The Way I See It

By:Curtis Morton

The way I see it, I honestly believe that persons should be given their proverbial ‘flowers’ while they are yet alive and while they can smell them.

I have attended many funeral services and one thing that I find in common with the eulogies, is that all of the truly bad people on Nevis are still very much alive-or better put, Nevis does not have any BAD persons.
Every eulogy speaks in glowing details of the deceased.

I was reprimanded by one well-meaning individual, when I referred to my mother, at some point of her eulogy, as CONCEITED in some instances. I was told that I should not have said that, because it was not a NICE thing to say. Little did that person know that my mother taught me to be brutally honest and I qualified the statement by explaining what I meant. She was not CONCEITED in a mean and evil way. It was her attitude and her stance when she was standing up for something that she felt the need to stand for. Like the time she refused to be hustled out of the court house, even in the face of possibly being locked up, asking who was going to compensate her son (ME) for the time I was forced to waste in court on a particular matter (which is not our main focus today).

So, on Friday last, I paused to speak to one of Nevis’ greatest sons. A man who I am honoured to call FRIEND and a man who has stooped from his lofty business successes and otherwise to embrace me, almost as a son.
I speak of no less a person, than Mr. Arthur Evelyn.

I first came into contact with Mr. Evelyn, while still a school boy at the Charlestown Secondary school, as I was asked to make regular trips to his Pharmacy, to purchase stuff for my parents. I found him friendly and quite approachable.

However, I was touched by him in a real way, sometime around 1989. I had noticed a void in the coverage of sports on the island and being an ardent sportsman, I vowed to fill that void. At that time, to the best of my knowledge, there were only two other persons with video cameras on the island and they utilized their equipment strictly for business purposes.

I made a huge investment in buying a video cam and started to record any and everything-but especially sporting events. I later got in contact with Mr. Arthur Guilbert of TBN, who allowed Mr. Carlisle Powell and myself to start a sports program which we jointly named SPORTS MENU. Carlisle (CP) dealt with international sports and I dealt with local sports. He got his cues from CNN and such other TV stations and I got my cues by recording local events.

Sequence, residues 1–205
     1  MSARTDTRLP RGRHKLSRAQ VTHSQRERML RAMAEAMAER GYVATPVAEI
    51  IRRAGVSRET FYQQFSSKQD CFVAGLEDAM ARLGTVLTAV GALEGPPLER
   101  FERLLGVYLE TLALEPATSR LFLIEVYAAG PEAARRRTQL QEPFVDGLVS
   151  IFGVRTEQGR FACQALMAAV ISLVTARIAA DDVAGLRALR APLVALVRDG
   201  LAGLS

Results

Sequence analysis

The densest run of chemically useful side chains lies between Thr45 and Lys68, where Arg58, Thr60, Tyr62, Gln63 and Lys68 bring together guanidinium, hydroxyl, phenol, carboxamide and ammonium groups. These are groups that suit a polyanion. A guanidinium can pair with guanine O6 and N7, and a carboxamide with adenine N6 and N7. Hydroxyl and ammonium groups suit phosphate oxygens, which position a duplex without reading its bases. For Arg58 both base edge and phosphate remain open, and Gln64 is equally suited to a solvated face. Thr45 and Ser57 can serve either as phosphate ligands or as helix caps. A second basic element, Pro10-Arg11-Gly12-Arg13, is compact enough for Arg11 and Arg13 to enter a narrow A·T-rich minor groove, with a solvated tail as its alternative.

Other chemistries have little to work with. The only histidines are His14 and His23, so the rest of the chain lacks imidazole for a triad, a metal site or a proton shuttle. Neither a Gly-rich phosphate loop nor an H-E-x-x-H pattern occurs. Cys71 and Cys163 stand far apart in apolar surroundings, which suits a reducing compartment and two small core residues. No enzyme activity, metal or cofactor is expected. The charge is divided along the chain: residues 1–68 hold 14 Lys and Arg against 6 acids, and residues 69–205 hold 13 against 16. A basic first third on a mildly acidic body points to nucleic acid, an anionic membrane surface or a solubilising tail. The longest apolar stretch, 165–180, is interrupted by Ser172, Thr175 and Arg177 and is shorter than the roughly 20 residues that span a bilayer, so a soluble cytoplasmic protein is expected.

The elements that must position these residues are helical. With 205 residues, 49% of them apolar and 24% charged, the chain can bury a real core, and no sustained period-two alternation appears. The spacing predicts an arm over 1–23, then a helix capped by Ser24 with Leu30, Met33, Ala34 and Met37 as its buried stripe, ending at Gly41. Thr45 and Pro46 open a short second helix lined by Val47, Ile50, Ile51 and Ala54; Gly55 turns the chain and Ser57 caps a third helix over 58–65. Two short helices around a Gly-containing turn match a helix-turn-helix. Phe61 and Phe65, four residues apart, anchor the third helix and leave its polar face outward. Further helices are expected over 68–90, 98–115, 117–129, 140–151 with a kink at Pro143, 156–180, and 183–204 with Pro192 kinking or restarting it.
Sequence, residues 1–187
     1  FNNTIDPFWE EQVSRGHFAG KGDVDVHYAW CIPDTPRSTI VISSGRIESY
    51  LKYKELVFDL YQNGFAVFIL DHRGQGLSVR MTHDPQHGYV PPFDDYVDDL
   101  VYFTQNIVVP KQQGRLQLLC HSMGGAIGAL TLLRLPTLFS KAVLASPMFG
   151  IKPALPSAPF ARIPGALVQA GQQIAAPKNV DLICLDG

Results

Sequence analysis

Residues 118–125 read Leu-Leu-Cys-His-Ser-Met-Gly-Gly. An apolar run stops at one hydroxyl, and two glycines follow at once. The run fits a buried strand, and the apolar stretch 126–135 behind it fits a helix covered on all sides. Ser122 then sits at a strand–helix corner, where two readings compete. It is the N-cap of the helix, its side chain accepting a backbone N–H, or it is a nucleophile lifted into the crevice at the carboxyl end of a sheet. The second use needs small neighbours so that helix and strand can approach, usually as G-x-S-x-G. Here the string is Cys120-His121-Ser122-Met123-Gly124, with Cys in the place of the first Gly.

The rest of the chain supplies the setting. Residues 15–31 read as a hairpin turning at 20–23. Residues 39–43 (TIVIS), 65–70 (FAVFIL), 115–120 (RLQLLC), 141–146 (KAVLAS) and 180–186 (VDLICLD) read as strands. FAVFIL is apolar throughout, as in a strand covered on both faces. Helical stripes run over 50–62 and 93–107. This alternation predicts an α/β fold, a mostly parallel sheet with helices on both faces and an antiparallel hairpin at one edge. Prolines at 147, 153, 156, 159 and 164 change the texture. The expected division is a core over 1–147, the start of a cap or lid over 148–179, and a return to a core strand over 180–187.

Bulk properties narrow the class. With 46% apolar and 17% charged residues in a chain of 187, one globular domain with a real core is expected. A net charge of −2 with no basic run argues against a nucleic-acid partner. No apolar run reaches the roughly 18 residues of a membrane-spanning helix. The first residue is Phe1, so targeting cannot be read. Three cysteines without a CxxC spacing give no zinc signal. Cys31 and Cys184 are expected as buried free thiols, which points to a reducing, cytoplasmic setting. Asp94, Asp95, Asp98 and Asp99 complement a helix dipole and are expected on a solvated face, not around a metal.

Trust me, in the early months of the program, I ‘cut off many heads’ but at least local athletes were finally on television, much to the joy of their proud family members and friends.

I was the only person therefore, to record the grand Interprimary event, in its early stages. I mean SINGLEHANDEDLY. One of the other guys who owned a video cam told me quite bluntly that ‘people don’t do dem kinda wuk dey for free.’
I was doing it for free and I was being coded as an IDIOT!
Well I newa!

Those were the days, when the spectators were not separated from the athletes. So people regularly invaded the track, to cheer on their athletes. Those were primitive days!
So, yes, my camera was rolling on that day when a certain parent dragged her son from the track, all the while scolding him—I think even cuffed him, all the while asking how he could ‘ley da bwoy dey’ beat him.
Well I newa!

During those early years, Mr. Evelyn reminded me that I used to give him a tape recording of the event every year, for his firm. Regretfully, he told me on Friday that he does not know what became of them.
Those were those big VHS cassettes.
Those were the days of writing out all of the sports items, to be read from the said paper. Nowadays, we have the privilege of computers and Teleprompters.

Mr. Evelyn asked me one day, how he could help me, because he thought that I was doing a great job. I told him that some writing pads and pens would be just fine.
Guess what? Mr. Evelyn told me to come in January of each year after that, to collect my stock of writing pads and pens to last the year! What a man! That tradition only ceased when I told him that I was now into computers —but that was many moons later!

I must also remember the efforts of then Minister of Sports and my former class mate, Hon. Berlin Clarke, who one day asked me how did I acquire my cassettes for the camera and when I told her that I bought them, she put an arrangement in place, for me to get cassettes whenever I needed them.

Another distinguished lady also offered me six cassettes once but she soon asked back for them, after I introduced a successful female cricket league to Nevis, as she told me that I was killing off the sport of Netball. I promptly gave her back her six cassettes.

And so as I hark back to with Mr. Evelyn on Friday, I just wanted the general public to be reminded of what I think they know already:
Mr. Arthur Evelyn is a good man—a great man-a successful man-yet HUMBLE man and deserves all the accolades given him in his lifetime.
May God continue to richly bless you Mr. Evelyn.
That’s the way I see it. How do you see it?

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